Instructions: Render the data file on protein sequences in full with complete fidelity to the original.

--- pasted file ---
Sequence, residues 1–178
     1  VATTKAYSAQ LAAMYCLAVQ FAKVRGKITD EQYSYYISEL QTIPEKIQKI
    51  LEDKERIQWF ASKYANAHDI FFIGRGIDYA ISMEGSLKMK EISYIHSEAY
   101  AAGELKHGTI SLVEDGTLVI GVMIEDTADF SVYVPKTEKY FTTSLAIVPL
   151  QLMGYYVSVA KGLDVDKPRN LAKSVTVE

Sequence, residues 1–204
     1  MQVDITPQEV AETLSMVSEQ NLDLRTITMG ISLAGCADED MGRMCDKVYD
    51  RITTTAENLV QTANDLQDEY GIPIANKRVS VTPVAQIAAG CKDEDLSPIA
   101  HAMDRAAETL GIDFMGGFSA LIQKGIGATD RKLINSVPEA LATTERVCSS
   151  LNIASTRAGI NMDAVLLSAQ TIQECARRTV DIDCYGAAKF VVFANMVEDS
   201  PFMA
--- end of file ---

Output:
Sequence, residues 1–178
     1  VATTKAYSAQ LAAMYCLAVQ FAKVRGKITD EQYSYYISEL QTIPEKIQKI
    51  LEDKERIQWF ASKYANAHDI FFIGRGIDYA ISMEGSLKMK EISYIHSEAY
   101  AAGELKHGTI SLVEDGTLVI GVMIEDTADF SVYVPKTEKY FTTSLAIVPL
   151  QLMGYYVSVA KGLDVDKPRN LAKSVTVE

Sequence, residues 1–204
     1  MQVDITPQEV AETLSMVSEQ NLDLRTITMG ISLAGCADED MGRMCDKVYD
    51  RITTTAENLV QTANDLQDEY GIPIANKRVS VTPVAQIAAG CKDEDLSPIA
   101  HAMDRAAETL GIDFMGGFSA LIQKGIGATD RKLINSVPEA LATTERVCSS
   151  LNIASTRAGI NMDAVLLSAQ TIQECARRTV DIDCYGAAKF VVFANMVEDS
   201  PFMA